݀‫ݐ‬ ݀‫ݐ‬ ݀‫ ݐ‬ଶ ௝

The input and its time derivatives for coil j are (8-10),

݅௝ ሺ‫ݐ‬ሻ ൌ ‫ܫ‬Ǥ ܿ‫ݐ߱ݏ݋‬ሺͺሻ

݀݅௝ ሺ‫ݐ‬ሻ
ൌ െ‫߱ܫ‬Ǥ ‫ݐ߱݊݅ݏ‬ሺͻሻ
݀‫ݐ‬

݀݅௝ଶ ሺ‫ݐ‬ሻ
ൌ െ‫߱ܫ‬ଶ ܿ‫ݐ߱ݏ݋‬ሺͳͲሻ
݀‫ ݐ‬ଶ
Fig. 2. Coupling coefficient when the spread is wide (small θ).
The input frequency, for all coils, is the resonant frequency of
the circuit in the moving vehicle ω = ω0. Also the time
derivatives for the coupling coefficient (1) result in the
expressions (11-12),

݀݇௝ ሺ‫ݐ‬ሻ మ
ൌ െʹ‫݇ݒ‬௝ ߠ௝ ሺ‫ݒ‬Ǥ ‫ ݐ‬െ ‫ݔ‬௝ ሻ݁ ିఏೕ ሺ௩Ǥ௧ି௫ೕ ሻ ሺͳͳሻ
݀‫ݐ‬

݀݇௝ଶ ሺ‫ݐ‬ሻ మ
ൌ  ʹ‫݇ݒ‬௝ ߠ௝ ൣʹ‫ߠݒ‬௝ ሺ‫ݒ‬Ǥ ‫ ݐ‬െ ‫ݔ‬௝ ሻଶ െ ͳ൧݁ ିఏೕ ሺ௩Ǥ௧ି௫ೕ ሻ ሺͳʹሻ
݀‫ ݐ‬ଶ

Replacing formulas (1), (8-10), and (11-12) in (7) generate the


excitation f(t) for the second order differential equation (5)
that describes the resonant circuit dynamics, figure 1.

III. SIMULATIONS

In this section, the main goal is to illustrate noise generation, Fig. 3. Phase plane for a wide spread coupling coefficient, noise is
on the induced current of the resonant circuit, due to vehicle negligible.

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B. Case 2: v = 1.0, xj = j.T0/2, θ j = 2.0; j = 1, 2, …, N.

The velocity is the same as before, coils are separated by half


the resonant period, the spread is reduced by increasing
parameter θ. Fig. 4 shows the coupling coefficient oscillating
as perceived by the resonant circuit, there is a short transient.
Fig. 5 depicts the bounded phase plane, the current and its
time derivative have smaller amplitudes, there is noise present
at the beginning of the time response.

Fig. 6. Sharp oscillating coupling coefficient sensed by the resonant circuit.

Fig. 4. After a transient the coupling coefficient, as sensed by the resonant


circuit, oscillates in a small interval.

Fig. 7. Bounded phase plane, the intervals for the current and its time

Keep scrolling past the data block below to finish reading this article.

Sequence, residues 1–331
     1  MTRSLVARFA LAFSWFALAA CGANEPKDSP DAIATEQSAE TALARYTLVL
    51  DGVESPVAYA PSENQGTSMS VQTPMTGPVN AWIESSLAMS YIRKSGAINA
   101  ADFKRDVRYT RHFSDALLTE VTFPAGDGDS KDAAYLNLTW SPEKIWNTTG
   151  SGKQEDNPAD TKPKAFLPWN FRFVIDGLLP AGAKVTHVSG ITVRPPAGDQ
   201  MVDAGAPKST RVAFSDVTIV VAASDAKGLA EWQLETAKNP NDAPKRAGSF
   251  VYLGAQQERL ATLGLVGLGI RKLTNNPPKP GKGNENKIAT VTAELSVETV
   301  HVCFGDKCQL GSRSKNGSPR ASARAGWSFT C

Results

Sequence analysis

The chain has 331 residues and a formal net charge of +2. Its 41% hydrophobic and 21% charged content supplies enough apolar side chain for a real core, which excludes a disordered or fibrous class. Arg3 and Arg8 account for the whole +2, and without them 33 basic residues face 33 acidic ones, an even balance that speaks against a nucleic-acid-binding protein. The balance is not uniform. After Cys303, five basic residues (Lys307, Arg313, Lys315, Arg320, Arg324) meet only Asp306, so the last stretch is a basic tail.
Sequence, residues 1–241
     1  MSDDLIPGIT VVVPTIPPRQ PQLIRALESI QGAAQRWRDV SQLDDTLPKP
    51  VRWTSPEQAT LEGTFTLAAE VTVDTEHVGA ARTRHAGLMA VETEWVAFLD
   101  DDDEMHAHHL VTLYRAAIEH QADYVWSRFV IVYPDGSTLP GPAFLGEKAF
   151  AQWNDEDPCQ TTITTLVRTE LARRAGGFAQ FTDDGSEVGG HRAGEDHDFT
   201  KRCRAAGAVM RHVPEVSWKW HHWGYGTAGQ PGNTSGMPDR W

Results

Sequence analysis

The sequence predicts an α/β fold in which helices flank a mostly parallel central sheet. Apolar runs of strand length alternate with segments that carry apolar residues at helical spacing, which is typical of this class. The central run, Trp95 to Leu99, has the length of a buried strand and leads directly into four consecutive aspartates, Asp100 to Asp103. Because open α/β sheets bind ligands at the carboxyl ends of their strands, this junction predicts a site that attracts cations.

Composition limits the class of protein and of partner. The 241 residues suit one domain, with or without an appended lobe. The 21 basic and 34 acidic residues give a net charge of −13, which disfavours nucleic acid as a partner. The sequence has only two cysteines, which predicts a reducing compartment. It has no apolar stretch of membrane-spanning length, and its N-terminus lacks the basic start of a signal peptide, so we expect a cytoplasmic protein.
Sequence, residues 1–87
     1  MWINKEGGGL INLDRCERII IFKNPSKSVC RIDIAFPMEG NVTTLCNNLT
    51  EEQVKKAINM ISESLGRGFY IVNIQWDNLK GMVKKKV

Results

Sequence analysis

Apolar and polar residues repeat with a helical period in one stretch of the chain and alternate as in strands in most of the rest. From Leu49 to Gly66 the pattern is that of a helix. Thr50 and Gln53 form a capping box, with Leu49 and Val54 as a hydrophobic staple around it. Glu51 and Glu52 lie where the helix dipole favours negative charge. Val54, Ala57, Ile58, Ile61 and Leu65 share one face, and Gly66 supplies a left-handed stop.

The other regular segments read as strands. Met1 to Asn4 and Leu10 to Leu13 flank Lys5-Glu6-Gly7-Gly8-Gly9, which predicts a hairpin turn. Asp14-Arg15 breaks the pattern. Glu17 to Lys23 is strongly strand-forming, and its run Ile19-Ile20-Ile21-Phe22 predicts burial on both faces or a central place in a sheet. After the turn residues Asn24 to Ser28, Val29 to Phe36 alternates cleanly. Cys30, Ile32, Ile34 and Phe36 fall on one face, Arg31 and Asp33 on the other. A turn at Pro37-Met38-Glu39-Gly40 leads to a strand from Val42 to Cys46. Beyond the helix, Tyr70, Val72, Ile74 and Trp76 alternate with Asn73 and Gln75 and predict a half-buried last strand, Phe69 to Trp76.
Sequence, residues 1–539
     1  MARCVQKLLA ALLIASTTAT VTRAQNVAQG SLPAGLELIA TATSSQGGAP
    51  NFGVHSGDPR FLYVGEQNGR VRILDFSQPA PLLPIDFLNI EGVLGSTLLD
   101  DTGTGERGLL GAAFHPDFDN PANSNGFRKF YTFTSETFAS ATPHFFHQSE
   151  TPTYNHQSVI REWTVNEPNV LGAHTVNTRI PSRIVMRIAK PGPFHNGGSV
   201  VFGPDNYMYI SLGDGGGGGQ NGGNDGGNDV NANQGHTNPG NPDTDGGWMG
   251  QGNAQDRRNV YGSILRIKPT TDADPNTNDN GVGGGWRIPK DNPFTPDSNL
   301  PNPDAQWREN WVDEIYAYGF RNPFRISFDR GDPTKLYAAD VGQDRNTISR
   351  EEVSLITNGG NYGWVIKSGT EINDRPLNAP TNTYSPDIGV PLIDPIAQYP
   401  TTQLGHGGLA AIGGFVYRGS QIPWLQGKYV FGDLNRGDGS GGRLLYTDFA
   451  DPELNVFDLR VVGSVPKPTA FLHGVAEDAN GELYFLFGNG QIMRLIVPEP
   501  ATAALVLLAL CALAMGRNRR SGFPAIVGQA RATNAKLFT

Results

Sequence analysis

derivative are lower than case 2.

D. Case 4: v = 1.0, xj = j.2T0, θ j = 2.0; j = 1, 2, …, N.

The coils period is twice the resonant period, velocity and


sensitivity are the same as before. Fig. 8 depicts the sharp
coupling coefficient with increased period sensed by the
resonant circuit. Fig. 9 shows the phase plane with reduced
bounds as expected.

Fig. 5. Bounded phase plane, the intervals for the current and its derivative E. Case 5: v = 3.0, xj = j.T0, θ j = 2.0; j = 1, 2, …, N.
are lower than case 1.
The distance between coils is the resonant period, spread
C. Case 3: v = 1.0, xj = j.T0, θ j = 2.0; j = 1, 2, …, N.
remains the same as before, velocity has increased. Fig. 10
depicts a high frequency sharp coupling coefficient sensed by
Same velocity, coils separated by a distance equal to the
the resonant circuit. Fig. 11 is the phase plane with a long
resonant period (6), similar spread for the coupling
transient and noise due to the increased velocity of the
coefficient. Fig. 6 is the sharp oscillating coupling coefficient
vehicle.
sensed by the vehicle. Fig. 7 depicts the bounded phase plane,
limits are lower than case 2; noise is introduced by the coils
distribution and the spread of the coupling coefficient.

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Fig. 8. Sharp coupling coefficient sensed by the resonant circuit with
Fig. 11. Phase plane, noise is introduced by increasing the vehicle velocity
increased period.
with remaining parameters constant.

IV. CONCLUSIONS
The study of electric circuits with time varying coupling
coefficients is an interesting complement to standard textbook
examples. The topic is important and useful now that novel
engineering applications require alternative approaches to
exploit mutual inductances [3-4].
A mathematical model has been proposed to explain noise
generation in the DWPT system depicted in figure 1. It is clear
that vehicle velocity, coils period, and spread of the coupling
coefficient change the induced current waveform; in
particular, vehicle velocity with short spread in the coupling
coefficient can generate considerable noise, Fig. 11.

ACKNOWLEDGMENT
The author thanks the support of his employer, the National
Fig. 9. Bounded phase plane, limits are reduced due to a higher separation
University of Colombia at Bogota.
between coils. This work made use of the free software package GNU
Octave, and the author is grateful for the support of the Octave
development community.

REFERENCES
[1] R.C. Dorf and J.A. Svoboda, Introduction to Electric Circuits, New
Jersey: John Wiley & Sons, 2006.
[2] W. Hayt, and J. Kemmerly, Engineering Circuit Analysis, McGraw-
Hill, 1993.
[3] D. Kobayashi, T. Imura, and Y. Hori, “Real - Time Coupling
Coefficient Estimation and Maximum Efficiency Control on Dynamic
Wireless Power Transfer for Electric Vehicles,” in IEEE PELS
Workshop on Emerging Technologies: Wireless Power, Daejeon, 2015,
pp. 1-6.
[4] L. Siqi and C.C. Mi, “Wireless Power Transfer for Electric Vehicle
Applications,” IEEE Journal of Emerging and Selected Topics in
Power Electronics, vol. 3, no. 1, pp. 4 – 17, March, 2015.

Fig. 10. High frequency coupling coefficient as detected by the resonant


circuit.